Dealing with divorce in the digital age

Social media has changed how spouses document their lives. As swarms of friends and family members engage with the highlight reels of a couple’s time together, the digital sphere can make any marriage feel like a fairytale.

On the contrary, some spouses who post nothing but good times together online may be falling apart at the seams. If the social media-savvy couple decides to divorce, they often leave a trail of digital footprints behind them.

Social media can create various complications for spouses. Depending on their situation, some may use online information against one another in court. Unfortunately, such actions could affect things like alimony, child support and child custody.

Social media’s impact on divorce

Many people like receiving gratification and recognition for their online persona. However, here are a few examples of where it could get you in trouble during divorce:

  • Posting about finances: Most people don’t post their annual salary on Facebook. But bragging about a recent work promotion or posting a photo of a new expensive item may not be the best idea, especially if you are trying to argue for lower alimony or child support payments.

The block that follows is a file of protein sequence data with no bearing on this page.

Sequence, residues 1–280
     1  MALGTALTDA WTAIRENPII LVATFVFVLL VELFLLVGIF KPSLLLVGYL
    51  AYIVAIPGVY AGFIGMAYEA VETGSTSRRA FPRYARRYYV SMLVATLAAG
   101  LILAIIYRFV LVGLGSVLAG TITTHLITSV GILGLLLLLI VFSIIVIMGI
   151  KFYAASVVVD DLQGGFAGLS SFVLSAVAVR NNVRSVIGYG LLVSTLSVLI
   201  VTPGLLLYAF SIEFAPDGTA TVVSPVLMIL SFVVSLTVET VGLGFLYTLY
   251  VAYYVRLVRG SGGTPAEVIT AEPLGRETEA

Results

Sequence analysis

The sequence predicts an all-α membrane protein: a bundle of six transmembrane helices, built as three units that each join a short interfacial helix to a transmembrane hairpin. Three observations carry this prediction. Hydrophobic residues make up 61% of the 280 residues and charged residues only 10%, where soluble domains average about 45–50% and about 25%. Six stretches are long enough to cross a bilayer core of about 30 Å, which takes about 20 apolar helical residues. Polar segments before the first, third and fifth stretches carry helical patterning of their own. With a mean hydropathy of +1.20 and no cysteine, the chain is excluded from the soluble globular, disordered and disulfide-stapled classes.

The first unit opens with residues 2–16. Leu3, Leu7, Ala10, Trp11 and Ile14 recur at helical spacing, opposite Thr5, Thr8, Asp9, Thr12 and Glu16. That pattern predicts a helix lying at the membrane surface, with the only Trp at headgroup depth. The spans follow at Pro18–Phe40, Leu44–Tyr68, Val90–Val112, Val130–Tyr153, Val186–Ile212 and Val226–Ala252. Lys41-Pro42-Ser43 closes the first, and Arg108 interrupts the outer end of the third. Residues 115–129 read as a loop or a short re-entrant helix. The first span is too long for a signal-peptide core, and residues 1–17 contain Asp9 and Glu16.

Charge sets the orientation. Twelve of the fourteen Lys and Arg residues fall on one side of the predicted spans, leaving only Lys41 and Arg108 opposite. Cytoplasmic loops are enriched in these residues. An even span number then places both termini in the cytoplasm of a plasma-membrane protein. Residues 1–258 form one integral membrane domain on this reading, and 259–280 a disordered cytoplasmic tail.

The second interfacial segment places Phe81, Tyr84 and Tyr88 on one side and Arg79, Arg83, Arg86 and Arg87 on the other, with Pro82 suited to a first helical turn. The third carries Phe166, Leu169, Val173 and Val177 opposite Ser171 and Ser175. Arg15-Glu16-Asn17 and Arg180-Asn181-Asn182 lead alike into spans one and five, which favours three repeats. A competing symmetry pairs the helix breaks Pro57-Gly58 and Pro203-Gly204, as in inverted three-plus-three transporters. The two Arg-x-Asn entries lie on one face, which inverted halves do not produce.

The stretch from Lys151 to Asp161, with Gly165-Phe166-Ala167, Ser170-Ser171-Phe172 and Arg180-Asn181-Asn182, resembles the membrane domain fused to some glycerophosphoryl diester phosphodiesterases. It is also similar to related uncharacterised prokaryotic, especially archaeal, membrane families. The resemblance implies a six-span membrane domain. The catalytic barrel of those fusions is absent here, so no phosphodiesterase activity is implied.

• Posting pictures of partying or alcohol consumption: Divorce can hurt just about anyone. Because of this, you may go out for a night on the town with some friends to blow off steam. While there is nothing wrong with that, you may not want to post your wild times online. If a judge sees recent pictures of you holding alcoholic beverages, your spouse could claim that you’re not responsible enough to care for your children.
  • Getting on dating sites before the divorce gets finalized: It may not seem harmful to get back out on the dating scene during a divorce. However, it can create a variety of complications. In many cases, people present a more polished version of themselves online. If you say something on your dating profile that contradicts what you say in court, you could get into trouble.

Some who are tempted to use social media during divorce proceedings may want to delete their profiles altogether. However, the destruction of evidence may hurt your case rather than help it. The best way to handle social media during divorce is to stay off it until the divorce gets finalized.

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